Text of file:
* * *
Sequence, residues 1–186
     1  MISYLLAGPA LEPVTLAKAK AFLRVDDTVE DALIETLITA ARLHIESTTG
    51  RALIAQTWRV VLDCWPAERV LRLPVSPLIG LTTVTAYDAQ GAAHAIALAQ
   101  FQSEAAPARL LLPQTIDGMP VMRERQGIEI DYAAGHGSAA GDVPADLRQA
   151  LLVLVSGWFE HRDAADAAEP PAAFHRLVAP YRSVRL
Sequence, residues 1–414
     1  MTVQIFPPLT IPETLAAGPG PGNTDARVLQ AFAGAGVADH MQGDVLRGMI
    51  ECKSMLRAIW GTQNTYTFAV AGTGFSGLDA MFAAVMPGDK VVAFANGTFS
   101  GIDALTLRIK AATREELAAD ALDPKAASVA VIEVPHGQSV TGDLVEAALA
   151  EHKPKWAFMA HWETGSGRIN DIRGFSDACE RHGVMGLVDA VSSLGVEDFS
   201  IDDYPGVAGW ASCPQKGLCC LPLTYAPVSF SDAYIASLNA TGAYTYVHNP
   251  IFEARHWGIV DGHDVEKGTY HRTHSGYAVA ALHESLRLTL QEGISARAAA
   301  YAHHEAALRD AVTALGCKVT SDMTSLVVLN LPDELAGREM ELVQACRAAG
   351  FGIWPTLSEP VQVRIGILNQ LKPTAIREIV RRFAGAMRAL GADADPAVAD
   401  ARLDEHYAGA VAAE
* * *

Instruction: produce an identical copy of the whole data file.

Sequence, residues 1–186
     1  MISYLLAGPA LEPVTLAKAK AFLRVDDTVE DALIETLITA ARLHIESTTG
    51  RALIAQTWRV VLDCWPAERV LRLPVSPLIG LTTVTAYDAQ GAAHAIALAQ
   101  FQSEAAPARL LLPQTIDGMP VMRERQGIEI DYAAGHGSAA GDVPADLRQA
   151  LLVLVSGWFE HRDAADAAEP PAAFHRLVAP YRSVRL
Sequence, residues 1–414
     1  MTVQIFPPLT IPETLAAGPG PGNTDARVLQ AFAGAGVADH MQGDVLRGMI
    51  ECKSMLRAIW GTQNTYTFAV AGTGFSGLDA MFAAVMPGDK VVAFANGTFS
   101  GIDALTLRIK AATREELAAD ALDPKAASVA VIEVPHGQSV TGDLVEAALA
   151  EHKPKWAFMA HWETGSGRIN DIRGFSDACE RHGVMGLVDA VSSLGVEDFS
   201  IDDYPGVAGW ASCPQKGLCC LPLTYAPVSF SDAYIASLNA TGAYTYVHNP
   251  IFEARHWGIV DGHDVEKGTY HRTHSGYAVA ALHESLRLTL QEGISARAAA
   301  YAHHEAALRD AVTALGCKVT SDMTSLVVLN LPDELAGREM ELVQACRAAG
   351  FGIWPTLSEP VQVRIGILNQ LKPTAIREIV RRFAGAMRAL GADADPAVAD
   401  ARLDEHYAGA VAAE